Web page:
Graciela Rivera on Celestino Jimenez

Celestino Jimenez_IMG_2687.jpg

Dublin Core


Graciela Rivera on Celestino Jimenez


Celestino and the Hartford Public Library


Celestino Jimenez was a strong advocate for his community in Frog Hollow, especially for the youth. He was an advocate, an athlete, a poet, and a musician, and a father. He shared his poetry at Luis Cotto's bakery, El Morro. In the membership of many community organizations such as the Hartford Public Library, the CICD, NRZ, and churches, he was always sure his voice was heard and was not afraid of going directly to large leaders to advocate for the betterment of his community. He was particularly passionate about the new Park Street Library branch at the Lyric, and the health and wellbeing of the youth.


Frog Hollow Oral History Research Team




Trinity College Liberal Arts Action Lab


November 16, 2021


Frog Hollow Oral History Research Team








Hartford Public Library, Puerto Rican Community, Frog Hollow Neighborhood, Advocate

Oral History Item Type Metadata


Trinity College Liberal Arts Action Lab Students: Emeline Avignon and Catherine Doyle


Graciela Rivera


Hartford Public Library: Park Street Branch


Graciela Rivera on Celestino:

Interviewer (Catherine)[00:33:21] So the first person is Nygel mentioned a man named Celestino who he said he was very loved by the commuity and he said he passed away from COVID-19. So, we were just wondering who he was and like why he was this figure in the community? If you know anything about him.

Graciela[00:33:33] Yeah, so Celestino was an amazing advocate for for free for resources and things foor the youth in this neighborhood. And he actually died pre-COVID. He was an avid runner and one day he he was running and he just collapsed. And yeah, this was pre-pandemic. I believe he died the year before COVID came. And yeah, it was very unfortunate because I'll always remember. [aside with Graciela and someone who works at the library: See you tonight, right? OK, I'll see you tonight virtually then. Take care.] So going back to Celestino, he he was an amazing advocater for, for resources, for, for the city and for the community. And he was a big lost. I remember, remember ain NRZ (Neighborhood Revitalization Zone) meetings how he would like really just, you know, put his heart on his sleeve and really express. OK, so, Celestino would really put his heart on his sleeve and really express his concerns and the need, the need for more resources for this neighborhood? You know, when we were at that, at that small branch before we moved here, the children computers were on the windowsill. We had no tables for the children, computers and things like that. So Celestino, he said, the last time I saw him was actually at an NRZ meeting, and that was the last time I saw him. And he said, I won't. I will never forget when he said, I will never. He's like, ‘I will fight for this library until the day I die.’ Like, ‘I hope to see this library before I die.’ Something along those lines, and I will never forget that. And I'm so happy that other people in the neighborhood have been bringing him up. And that just reminded me that when we interviewed a local barbershop owner, I forget his name, but it's the barbershop right next to Viva Mexico. I think so to let me say because. Oh, consider. I can't see the name from here. It's right next to the the brostrom, right next to the restaurant. So we were interviewing him and he he was saying how he didn't know that Celestino had passed away. So we were giving him the news that Celestino had passed away, and he shared how how devastated he is knowing that Celestino passed away because, you know, Celestino was a mentor for many people. He touched so many lives. And, you know, during that interview, I was just in shock of the fact that he had not known that Celestino had died and we were sharing that with him at that moment. And, you know, that was really, really sad. But what really made me feel really, really proud of Celestino was, you know, although he's passed away, he's still like, we keep his we keep his story alive, we keep his story alive. And and the fact that people are sharing how impactful he was and in their lives is really priceless. So I hope there's a way we can commemorate continue to commemorate him.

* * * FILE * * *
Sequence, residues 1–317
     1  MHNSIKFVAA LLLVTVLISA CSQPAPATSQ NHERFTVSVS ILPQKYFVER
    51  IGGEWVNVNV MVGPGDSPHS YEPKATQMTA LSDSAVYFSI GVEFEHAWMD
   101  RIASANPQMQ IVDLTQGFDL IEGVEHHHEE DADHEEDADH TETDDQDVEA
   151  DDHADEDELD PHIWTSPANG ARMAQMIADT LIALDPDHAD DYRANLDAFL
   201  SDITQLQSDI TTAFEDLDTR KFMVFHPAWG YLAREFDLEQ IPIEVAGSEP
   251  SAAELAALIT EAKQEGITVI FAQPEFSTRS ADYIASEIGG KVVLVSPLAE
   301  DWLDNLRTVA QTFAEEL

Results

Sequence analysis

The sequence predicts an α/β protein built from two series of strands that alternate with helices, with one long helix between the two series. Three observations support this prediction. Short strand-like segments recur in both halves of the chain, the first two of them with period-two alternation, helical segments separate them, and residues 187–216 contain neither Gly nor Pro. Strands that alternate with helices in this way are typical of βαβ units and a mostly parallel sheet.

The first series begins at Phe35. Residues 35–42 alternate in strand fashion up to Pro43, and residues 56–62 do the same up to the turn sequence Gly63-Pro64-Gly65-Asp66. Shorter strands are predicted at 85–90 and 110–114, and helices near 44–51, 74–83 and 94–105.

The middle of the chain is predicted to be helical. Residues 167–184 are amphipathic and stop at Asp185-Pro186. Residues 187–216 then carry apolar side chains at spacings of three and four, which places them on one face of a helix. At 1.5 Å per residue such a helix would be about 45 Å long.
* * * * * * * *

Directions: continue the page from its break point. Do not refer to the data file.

Interviewer (Catherine) : Do you know how old he was?

Graciela: You know, I don't think he looked his age, probably maybe late 50s or early 60s.

Interviewer (Catherine) And, do you know like if he grew up in Frog Hollow?

Graciela : What I do know is he was a boxer in Puerto Rico, so he's always been into sports. Yeah, and his son, Celestino Jr. is a firefighter. I think of the neighborhood over, but at this point I believe his family, like his, his ex wife and his kids, have moved to Puerto Rico. Yeah.

Interviewer (Emeline) Oh wow. And has he moved? Do you know?

Graciela His son? Oh yes, I believe so. Yeah, we've been trying to get in a get in touch with them because whenever we plan, you know, special events and things, we'd like for them to be present.

Interviewer(Emeline)[00:37:59] Yeah, I know it's interesting. I don't remember like all of the heros who were nomincated on that list but I wonder if he was one of them.

Graciela[00:38:11] I don’t think so and I should have nominated him it at the time, it was like all a blur. But there will be other opportunities to honor Celestino I’m sure.

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